I gather that today was the all-time heaviest load on flickr (which makes sense, once you think of it). I had set our Jennifer up with an account, and she was having a hard time completing uploads; evidently there’s a good reason. This is a picture she took of our local fashion model; she says she’s uploading a picture of me singing into a Dishmatique, but so far that hasn’t appeared in her photostream. The picture of Si and Laura is cute, though.

Congratulations, Stewart, Caterina, Eric, and all.

As I Was Saying

I think I left off here:

[Again, entirely unauthorized pontificating follows. And I’s sure that Soularize is wonderful, I was just grabbing the name, Jordon, since I knew it was a big get-together.]

For the second, I would put little emphasis on the formal status of leadership and more on how leadership is carried. To indulge in a pop-cultural figure, I wouldn’t in the least mind having Aragorn as my king — much less, indeed, than I mind having Bush as my duly-elected President. By the same token, I would pay less attention to whether a pastor be ordained, or elected, or dragged off the street on Saturday evening, than on whether such a leader exercises her or his authority so as to shore up his/her own standing, or (alternatively) to cultivate the maximum strength and leadership among other participants in community life. You can do that as an appointed rector, or as an elected elder. You can grasp for power in indirect ways in an “emergent” setting, and you can disperse power in an apparently hierarchical setting.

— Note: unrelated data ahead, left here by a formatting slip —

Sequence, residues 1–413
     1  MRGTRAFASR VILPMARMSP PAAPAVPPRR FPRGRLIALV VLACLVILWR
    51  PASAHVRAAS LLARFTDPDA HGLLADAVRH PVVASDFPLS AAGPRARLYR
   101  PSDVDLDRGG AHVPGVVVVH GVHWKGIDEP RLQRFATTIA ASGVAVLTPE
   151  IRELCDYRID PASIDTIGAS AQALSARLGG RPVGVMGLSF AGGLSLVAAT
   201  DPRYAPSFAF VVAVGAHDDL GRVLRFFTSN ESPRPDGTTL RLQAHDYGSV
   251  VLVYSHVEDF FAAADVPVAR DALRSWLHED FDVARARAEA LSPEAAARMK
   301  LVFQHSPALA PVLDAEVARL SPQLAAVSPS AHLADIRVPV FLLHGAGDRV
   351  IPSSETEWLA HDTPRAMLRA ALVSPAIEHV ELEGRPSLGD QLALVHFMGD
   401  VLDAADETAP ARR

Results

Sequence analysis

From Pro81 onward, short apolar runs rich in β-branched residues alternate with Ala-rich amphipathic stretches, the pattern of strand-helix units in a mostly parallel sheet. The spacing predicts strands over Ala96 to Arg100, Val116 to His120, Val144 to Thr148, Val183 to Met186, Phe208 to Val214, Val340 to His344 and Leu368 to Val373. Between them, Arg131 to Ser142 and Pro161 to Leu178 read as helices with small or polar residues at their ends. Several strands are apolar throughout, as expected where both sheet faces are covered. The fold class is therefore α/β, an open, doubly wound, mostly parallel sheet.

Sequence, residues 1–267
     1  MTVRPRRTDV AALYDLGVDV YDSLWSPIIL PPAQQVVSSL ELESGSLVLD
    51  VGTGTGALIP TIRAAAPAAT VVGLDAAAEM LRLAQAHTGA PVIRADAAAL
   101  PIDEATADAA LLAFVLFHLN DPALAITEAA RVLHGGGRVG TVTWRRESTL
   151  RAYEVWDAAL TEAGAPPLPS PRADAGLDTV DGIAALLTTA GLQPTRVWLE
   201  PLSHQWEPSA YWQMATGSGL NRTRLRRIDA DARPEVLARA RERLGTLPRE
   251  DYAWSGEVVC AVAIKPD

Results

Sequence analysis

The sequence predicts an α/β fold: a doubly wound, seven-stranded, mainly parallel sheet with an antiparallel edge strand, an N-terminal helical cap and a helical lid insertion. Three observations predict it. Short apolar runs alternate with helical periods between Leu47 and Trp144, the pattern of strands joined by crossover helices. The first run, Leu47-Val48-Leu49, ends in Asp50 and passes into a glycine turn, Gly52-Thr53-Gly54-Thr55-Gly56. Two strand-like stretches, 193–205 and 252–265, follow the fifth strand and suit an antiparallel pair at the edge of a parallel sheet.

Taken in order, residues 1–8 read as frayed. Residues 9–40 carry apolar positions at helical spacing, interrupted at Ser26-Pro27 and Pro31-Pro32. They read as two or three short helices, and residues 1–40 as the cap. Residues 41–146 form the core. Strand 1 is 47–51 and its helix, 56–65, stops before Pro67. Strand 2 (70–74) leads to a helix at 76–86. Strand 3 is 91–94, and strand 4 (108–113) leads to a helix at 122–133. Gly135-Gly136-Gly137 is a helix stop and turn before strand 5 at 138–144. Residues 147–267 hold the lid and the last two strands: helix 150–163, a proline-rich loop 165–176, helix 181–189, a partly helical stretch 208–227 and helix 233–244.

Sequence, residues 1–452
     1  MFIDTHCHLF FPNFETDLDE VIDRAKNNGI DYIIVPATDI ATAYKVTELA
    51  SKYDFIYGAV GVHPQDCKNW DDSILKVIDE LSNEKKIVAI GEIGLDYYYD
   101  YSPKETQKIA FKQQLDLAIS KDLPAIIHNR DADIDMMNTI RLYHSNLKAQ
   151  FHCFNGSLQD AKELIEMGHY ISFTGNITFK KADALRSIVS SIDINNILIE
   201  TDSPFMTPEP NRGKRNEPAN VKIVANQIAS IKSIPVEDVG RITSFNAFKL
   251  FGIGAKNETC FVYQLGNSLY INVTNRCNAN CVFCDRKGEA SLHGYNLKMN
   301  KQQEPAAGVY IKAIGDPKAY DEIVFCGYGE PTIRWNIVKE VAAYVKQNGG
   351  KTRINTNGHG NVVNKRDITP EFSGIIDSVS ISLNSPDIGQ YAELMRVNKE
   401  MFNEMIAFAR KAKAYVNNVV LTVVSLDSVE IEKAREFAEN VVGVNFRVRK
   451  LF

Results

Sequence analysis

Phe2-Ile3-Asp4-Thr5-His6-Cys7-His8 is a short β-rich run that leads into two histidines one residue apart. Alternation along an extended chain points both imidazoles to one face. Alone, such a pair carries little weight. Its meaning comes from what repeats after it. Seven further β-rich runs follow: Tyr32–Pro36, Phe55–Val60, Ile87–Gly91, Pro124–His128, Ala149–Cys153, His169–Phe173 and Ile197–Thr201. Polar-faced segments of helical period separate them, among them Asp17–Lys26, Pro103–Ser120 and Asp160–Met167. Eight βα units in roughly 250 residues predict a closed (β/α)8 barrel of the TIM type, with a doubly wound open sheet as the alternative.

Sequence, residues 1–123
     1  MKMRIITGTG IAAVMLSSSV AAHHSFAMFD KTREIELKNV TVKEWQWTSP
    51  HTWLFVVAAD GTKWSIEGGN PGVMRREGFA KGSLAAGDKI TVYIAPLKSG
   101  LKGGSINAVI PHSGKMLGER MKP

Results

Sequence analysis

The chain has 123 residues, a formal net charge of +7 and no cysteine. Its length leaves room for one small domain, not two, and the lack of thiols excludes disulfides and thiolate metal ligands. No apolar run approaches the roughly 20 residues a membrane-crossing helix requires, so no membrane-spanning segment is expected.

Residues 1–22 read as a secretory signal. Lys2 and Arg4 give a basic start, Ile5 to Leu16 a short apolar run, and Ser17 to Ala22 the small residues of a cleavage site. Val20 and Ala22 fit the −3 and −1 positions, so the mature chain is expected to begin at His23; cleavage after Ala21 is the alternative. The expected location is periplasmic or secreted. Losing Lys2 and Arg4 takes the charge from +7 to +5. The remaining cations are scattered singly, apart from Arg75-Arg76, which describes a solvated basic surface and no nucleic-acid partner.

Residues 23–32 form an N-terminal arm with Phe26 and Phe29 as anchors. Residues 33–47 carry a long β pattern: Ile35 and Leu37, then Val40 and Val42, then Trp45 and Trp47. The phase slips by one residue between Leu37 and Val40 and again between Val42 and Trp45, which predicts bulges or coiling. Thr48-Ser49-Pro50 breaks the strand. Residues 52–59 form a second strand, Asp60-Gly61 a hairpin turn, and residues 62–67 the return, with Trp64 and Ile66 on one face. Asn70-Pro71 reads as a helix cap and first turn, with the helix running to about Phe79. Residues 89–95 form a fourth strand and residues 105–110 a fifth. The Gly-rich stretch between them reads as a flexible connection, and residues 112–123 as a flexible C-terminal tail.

So the formal structure of a congregation — whether it be constituted as a top-down magisterium or a bottom-up populist forum — can imply a certain distribution of power, but the formal structure can also mask the way power operates. “Emergence,” as I understand it, has less to do with the way corporate legislation gets passed than with the ways that a community would arrive at a sense of what might be possible, plausible, the right thing to do — before any formal decision gets made. (As my colleague John Dreibelbis often says, “If you have to appeal to the canons, you’re already in trouble.”)

What They Don’t Get